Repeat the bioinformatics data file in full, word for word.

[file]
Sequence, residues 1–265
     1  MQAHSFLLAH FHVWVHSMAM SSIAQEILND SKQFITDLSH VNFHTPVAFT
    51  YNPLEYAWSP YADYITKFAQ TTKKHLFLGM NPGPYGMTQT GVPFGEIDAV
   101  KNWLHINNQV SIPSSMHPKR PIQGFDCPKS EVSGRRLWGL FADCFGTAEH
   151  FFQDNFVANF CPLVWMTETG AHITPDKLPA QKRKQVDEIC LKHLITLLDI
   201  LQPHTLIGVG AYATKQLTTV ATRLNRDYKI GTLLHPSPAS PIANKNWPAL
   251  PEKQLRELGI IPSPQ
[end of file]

Sequence, residues 1–265
     1  MQAHSFLLAH FHVWVHSMAM SSIAQEILND SKQFITDLSH VNFHTPVAFT
    51  YNPLEYAWSP YADYITKFAQ TTKKHLFLGM NPGPYGMTQT GVPFGEIDAV
   101  KNWLHINNQV SIPSSMHPKR PIQGFDCPKS EVSGRRLWGL FADCFGTAEH
   151  FFQDNFVANF CPLVWMTETG AHITPDKLPA QKRKQVDEIC LKHLITLLDI
   201  LQPHTLIGVG AYATKQLTTV ATRLNRDYKI GTLLHPSPAS PIANKNWPAL
   251  PEKQLRELGI IPSPQ